Liverworts, hornworts and mosses form a group of simple plants called bryophytes (2). Bryophytes lack many of the more complex structures of the higher plants, such as a vascular system, and flowers. They do not have roots, instead they have structures called 'rhizoids' which absorb water and anchor the plant to the substrate. In liverworts these rhizoids each consist of a single elongated cell (3).
Bryophytes have an interesting life cycle consisting of two main parts, called the gametophyte and sporophyte generations, the gametophyte stage is dominant (4). Plants that are in the gametophyte stage can reproduce sexually. Male organs (antheridia) produce antherozoids which move to the female organs (archegonia). Fertilisation occurs and a 'sporophyte' develops, this structure remains attached to the plant. The sporophyte releases spores which disperse and develop into a new plant (4).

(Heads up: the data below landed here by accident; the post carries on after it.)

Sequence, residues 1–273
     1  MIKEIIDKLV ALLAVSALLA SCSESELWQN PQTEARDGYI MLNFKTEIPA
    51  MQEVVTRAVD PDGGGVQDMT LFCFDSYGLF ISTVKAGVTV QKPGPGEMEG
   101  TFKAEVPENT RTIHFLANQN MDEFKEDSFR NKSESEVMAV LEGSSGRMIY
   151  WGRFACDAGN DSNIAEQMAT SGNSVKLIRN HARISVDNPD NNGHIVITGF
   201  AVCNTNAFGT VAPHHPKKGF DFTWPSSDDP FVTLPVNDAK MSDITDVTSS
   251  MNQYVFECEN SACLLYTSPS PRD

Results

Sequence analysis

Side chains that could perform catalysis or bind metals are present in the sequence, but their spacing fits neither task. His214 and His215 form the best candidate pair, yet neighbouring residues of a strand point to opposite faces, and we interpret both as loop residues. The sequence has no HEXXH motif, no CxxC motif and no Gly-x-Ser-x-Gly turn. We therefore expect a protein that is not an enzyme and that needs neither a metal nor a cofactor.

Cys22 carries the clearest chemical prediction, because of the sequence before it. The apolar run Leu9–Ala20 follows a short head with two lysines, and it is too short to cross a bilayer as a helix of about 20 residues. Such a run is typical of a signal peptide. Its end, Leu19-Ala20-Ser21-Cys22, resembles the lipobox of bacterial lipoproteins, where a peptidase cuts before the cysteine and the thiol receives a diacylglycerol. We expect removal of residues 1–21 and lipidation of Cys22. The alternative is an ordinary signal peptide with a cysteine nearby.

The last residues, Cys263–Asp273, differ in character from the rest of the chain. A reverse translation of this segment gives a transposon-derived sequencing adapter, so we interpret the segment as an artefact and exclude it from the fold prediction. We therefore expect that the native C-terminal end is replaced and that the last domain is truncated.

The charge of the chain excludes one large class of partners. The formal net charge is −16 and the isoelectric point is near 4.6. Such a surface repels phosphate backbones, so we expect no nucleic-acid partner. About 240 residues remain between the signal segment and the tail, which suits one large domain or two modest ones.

This species tends to grow in summer, and sporophytes are only rarely produced (2). Some UK populations appear to consist of just one sex, so spores cannot be produced; this may cause problems with dispersal and colonisation (2).
All liverworts are so named because the lobed types were thought to resemble the liver. During Medieval times, common belief held that the appearance of a plant indicated which part of the human body it could cure; liverworts were thought to cure liver ailments (5).